The Opdycke family emigrated to America from Holland in the 17th century, settling at Gravesend in Kings County, New York. They certainly prospered in their new home and multiplied extensively. Consequently, there are many many Opdycke descendants, and also an extensive published genealogy. Because it is such a large family, I have not been able to research it as thoroughly as some others.
The Thatcher Family was prominent in both Amwell and Kingwood Townships in the 18th century. They were also very prolific! They keep showing up in other family trees, so published the Thatchers is really way overdue. And you will see that this tree just goes on and on!
As is my usual practice, children of daughters are listed but not grandchildren. Surnames of spouses whose family trees have been published here are highlighted in green. Any additions or corrections are welcome, either in the comments section below or by email.
(1) Francis Besson (c.1720 – bef. 1798) & Anna Elizabeth Case (c.1725 – 1798)
According to the will of Tunis Case in 1769, Francis Besson was married to Tunis’ daughter, Elizabeth. But according to the will of Adam Hummer written in 1781 Besson was married to his daughter Elizabeth Hummer. Besson was named executor of Hummer’s estate along with Hummer’s son Cort.
(1) Dea. Jacob Bearder (1768 – 1838) & Elizabeth Trimmer (1769 – 1832)
Actually, Jacob Bearder should be considered the second generation, as his father Andrew Bearder (1741-1829) and mother Margaret Shepherd (c.1720-1800) were the ones to emigrate to New Jersey from Germany. Margaret came as the wife of a Mr. Shafer, who died at sea. Her three sons were all under ten at the time. Shortly after arriving, Margaret married George Henry Wambaugh, who had also immigrated from Germany, perhaps on the same ship as Andrew and Margaret.
(1) Emanuel Coryell (1706 – 1749) & Sarah Tunison (1706 – )
The Somerset Quarterly published “Earliest American Ancestors of Somerset Families” in Vol. V p.188 et seq, which included this statement: “Elias, Emanuel (or John Emanuel) and David Coriell, perhaps with another brother Abraham, emigrated from the island of Corsica in 1663, and were French. Emanuel went to Lambertville and operated a ferry there in 1733.
(1) Samuel Barber (c.1690 – 1751) & Eliada Alida Johnson (c.1695 – after 1782)
The Barber Family in present day Hunterdon begins with Samuel Barber who died sometime before May 1751, age about 61. It is not clear who his parents were. The family was primarily located on Lambertville-Headquarters Road in Delaware Township. Much of the family information comes from Hiram Deats’ notebook on the Barber Family at the Hunterdon Co. Historical Society, which includes his transcription of the Barber family bible.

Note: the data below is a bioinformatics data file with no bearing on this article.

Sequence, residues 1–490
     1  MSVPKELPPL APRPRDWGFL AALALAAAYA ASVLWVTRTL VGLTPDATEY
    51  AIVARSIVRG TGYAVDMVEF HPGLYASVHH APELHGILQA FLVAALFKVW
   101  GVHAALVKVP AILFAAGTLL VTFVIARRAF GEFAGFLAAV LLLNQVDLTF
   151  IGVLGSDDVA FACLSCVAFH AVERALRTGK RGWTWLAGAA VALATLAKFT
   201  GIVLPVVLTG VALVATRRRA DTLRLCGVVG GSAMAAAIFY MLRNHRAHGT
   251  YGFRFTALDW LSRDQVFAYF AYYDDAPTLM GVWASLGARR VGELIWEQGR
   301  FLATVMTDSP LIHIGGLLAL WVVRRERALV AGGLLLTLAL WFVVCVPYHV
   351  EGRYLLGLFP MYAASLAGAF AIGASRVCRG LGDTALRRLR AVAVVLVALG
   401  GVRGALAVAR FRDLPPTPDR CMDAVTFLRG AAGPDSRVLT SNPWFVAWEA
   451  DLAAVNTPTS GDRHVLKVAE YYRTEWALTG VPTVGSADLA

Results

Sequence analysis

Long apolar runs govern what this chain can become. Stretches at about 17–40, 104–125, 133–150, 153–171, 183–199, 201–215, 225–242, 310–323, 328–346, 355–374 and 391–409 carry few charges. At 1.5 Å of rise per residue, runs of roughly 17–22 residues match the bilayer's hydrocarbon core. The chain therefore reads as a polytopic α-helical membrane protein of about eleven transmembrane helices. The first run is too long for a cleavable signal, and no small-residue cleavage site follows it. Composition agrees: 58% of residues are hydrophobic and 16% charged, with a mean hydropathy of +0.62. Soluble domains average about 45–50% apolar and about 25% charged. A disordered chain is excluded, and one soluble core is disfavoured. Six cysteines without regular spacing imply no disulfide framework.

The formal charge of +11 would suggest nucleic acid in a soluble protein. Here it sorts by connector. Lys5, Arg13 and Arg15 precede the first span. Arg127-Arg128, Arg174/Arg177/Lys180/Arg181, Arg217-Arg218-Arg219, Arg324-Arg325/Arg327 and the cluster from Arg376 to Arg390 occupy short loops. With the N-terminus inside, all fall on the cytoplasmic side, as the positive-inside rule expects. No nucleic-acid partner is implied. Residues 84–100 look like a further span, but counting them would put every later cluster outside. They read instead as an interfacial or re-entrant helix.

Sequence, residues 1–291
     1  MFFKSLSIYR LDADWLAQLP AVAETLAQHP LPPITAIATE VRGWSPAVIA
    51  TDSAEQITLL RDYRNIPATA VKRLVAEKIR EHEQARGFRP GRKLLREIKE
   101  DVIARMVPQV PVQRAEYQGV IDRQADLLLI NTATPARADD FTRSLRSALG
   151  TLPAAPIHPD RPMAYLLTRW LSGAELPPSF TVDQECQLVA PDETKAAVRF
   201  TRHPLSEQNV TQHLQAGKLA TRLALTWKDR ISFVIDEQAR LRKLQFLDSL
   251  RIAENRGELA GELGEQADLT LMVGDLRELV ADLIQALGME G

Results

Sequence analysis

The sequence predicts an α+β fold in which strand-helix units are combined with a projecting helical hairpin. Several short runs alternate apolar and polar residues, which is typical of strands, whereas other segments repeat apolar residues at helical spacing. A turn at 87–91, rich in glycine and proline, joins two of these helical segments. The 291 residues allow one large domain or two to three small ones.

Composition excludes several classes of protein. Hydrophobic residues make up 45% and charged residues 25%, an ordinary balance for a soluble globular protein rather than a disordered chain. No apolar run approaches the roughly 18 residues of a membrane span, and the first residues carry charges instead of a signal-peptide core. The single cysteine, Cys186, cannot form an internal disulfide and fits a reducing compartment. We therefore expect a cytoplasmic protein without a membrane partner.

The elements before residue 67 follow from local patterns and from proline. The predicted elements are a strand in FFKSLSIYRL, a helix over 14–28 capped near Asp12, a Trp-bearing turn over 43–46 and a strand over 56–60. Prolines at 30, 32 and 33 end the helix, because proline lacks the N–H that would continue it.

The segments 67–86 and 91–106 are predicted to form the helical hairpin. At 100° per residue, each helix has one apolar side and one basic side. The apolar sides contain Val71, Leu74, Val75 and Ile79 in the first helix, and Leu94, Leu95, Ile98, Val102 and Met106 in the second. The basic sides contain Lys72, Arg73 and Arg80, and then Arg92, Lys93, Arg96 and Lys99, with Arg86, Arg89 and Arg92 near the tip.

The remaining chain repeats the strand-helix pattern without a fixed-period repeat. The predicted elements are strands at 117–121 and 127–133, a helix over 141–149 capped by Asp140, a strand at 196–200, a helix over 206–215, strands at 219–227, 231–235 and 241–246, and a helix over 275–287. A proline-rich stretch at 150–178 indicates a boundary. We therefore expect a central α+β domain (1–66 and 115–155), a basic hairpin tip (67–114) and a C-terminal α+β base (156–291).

In my article, The Heaths of Locktown, I have described family of the original Heath immigrant to settle in West New Jersey, here designated as First Generation. That should serve as an introduction to this tree. Shortly after first publishing this tree, I heard from a Fox descendant who had some suggestions and corrections. As a result, the tree has already been updated.
The Hill family of Amwell Township, Hunterdon County goes back to the early 18th century. The first generation was Samuel Hill (c.1670 – c.1749) and wife Elizabeth Jourdaine Williams (1670 – 1749), who immigrated from Yorkshire, England and settled in Amwell Township in the early 18th century, sometime between the birth of sons Paul (c.1700) and Jonathan (1704).
This is a partial Bellis Family Tree, designed to show the ancestors of David Bellis, owner of John Lequear’s farm in Raritan Township, as described in “The Old Lequear Farm.” I had attempted to design a tree that covered all the descendants of Andreas and Maria Bellis, but that proved impossible based on the information I have found so far. So I decided to publish this partial tree and perhaps get to the rest of the family as more information comes my way. Apologies to those whose relatives are missing.
The Trout family has gotten a fair amount of attention on this website. Please click on Families in the right-hand column, and scroll down to the Trout name, where you will see seven articles on the family.
Because Hannah Lequear and George Trout had so many children, there are a great many families that are connected with them. Some of the family trees for those families have been published, but quite a few are still in the works, such as Besson, Buchanan, Robins, and Thatcher families. Please be advised that I do not publish the grandchildren of daughters, only their own children.